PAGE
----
All information is based on our current understanding as of the date that it is posted. Please keep in mind this information is changing rapidly – it can and likely will change. Some information becomes outdated the same date it posted. Although we will monitor and update this page as new information becomes available, please do not rely solely on this page. We encourage you to contact your Abeles & Hoffman advisor for the latest information.
May 14, 2020
On May 13, the Small Business Administration (SBA) issued additional guidance regarding the Paycheck Protection Program (PPP). Specifically, FAQ #46 addresses the following question: “How will SBA review borrowers’ required good-faith certification concerning the necessity of their loan request?”
One of the requirements when submitting a PPP loan application is a self-certification by the applicant that the loan is necessary to support their ongoing operations in light of the current economic circumstances. Many borrowers called for further clarification on this point out of fear that they would later be judged as having made a false self-certification and fall under penalty.
Wednesday’s clarification describes a safe harbor for borrowers who, along with their affiliates, receive PPP loans of $2 million or less. In other words, those who receive PPP loans of $2 million and less will not have their self-certifications reviewed. The SBA clarifies the thinking behind the creation of this safe harbor, explaining that:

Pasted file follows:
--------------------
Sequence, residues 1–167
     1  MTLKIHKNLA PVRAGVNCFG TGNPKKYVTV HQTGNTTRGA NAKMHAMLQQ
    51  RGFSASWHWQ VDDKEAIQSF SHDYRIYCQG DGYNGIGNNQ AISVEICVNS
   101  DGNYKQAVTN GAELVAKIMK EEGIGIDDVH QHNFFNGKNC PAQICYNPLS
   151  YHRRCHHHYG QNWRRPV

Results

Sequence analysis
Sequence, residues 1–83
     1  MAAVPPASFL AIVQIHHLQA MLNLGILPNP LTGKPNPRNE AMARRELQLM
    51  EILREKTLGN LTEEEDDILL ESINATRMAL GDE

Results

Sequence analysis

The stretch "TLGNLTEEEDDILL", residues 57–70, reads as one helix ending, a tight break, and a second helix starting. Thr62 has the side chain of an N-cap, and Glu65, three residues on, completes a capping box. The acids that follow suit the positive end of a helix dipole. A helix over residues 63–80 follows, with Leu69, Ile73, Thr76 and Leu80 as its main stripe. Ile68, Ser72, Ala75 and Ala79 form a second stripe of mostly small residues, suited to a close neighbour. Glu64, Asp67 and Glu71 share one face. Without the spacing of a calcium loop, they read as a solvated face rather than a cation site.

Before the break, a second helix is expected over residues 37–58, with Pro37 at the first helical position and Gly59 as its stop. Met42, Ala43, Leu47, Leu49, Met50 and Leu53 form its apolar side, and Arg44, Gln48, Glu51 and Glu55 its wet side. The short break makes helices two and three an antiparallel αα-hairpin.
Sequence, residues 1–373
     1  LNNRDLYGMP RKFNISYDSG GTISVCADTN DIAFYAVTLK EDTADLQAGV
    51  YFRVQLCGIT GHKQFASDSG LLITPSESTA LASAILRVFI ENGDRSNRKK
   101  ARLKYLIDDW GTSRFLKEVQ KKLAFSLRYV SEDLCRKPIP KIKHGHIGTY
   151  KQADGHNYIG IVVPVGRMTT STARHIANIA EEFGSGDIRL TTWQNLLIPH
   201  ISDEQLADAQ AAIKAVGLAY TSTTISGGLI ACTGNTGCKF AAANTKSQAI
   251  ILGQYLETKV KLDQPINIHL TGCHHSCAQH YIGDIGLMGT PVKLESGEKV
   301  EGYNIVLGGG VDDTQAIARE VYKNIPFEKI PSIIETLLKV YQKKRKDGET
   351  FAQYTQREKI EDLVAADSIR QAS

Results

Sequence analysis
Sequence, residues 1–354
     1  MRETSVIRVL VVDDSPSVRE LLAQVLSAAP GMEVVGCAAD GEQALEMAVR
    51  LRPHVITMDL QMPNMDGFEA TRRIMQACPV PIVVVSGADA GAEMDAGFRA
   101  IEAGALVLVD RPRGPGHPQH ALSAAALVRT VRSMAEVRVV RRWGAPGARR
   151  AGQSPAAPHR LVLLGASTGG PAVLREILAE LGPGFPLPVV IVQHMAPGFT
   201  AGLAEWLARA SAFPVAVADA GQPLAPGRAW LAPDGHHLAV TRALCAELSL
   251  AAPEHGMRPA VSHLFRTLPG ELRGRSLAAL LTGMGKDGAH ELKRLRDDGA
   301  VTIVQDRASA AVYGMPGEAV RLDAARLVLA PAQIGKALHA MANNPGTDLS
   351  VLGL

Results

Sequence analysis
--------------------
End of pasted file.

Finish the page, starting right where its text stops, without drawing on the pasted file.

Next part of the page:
- Borrowers with loans of this size are unlikely to have access to other sources of liquidity during this difficult economic time (therefore their self-certification is very likely accurate).
- The creation of the safe harbor will dispel a lot of uncertainty that these smaller businesses had about accepting PPP loans, thereby helping the program to operate more smoothly.
- Discounting this set of loans from the review process will allow the SBA to better handle the large workload they have before them and focus their efforts on larger loans.
The SBA clarification also addressed what will happen if a borrower who receives more than $2 million is found to not have an adequate basis for their PPP loan, upon review. If this is the case, the borrower will need to return the balance of the loan. If they do so, the SBA will not “pursue administrative enforcement or referrals to other agencies.”
This guidance was much anticipated to assist borrowers with FAQ #43, issued on May 5, 2020, which had extended the date for a safe harbor to return PPP loan proceeds by May 14, 2020 if the borrowers concluded they did not meet the economic uncertainty standard at the time of application.
The SBA has issued other FAQs in May, 2020: FAQ #40 – #45 and can be found in the most recent SBA FAQ.
We anticipate additional guidance and clarification to be provided by the SBA around the timing, amounts, and eligibility of expenditures to qualify for loan forgiveness. The IRS has issued recent guidance related to the deductibility of expenses forgiven under the PPP program, and Congress is considering further changes (See related article on IRS Notice 2020-32 on our website). Please contact us for questions or if you need assistance.
If you have questions or wish to discuss these matters, please contact us.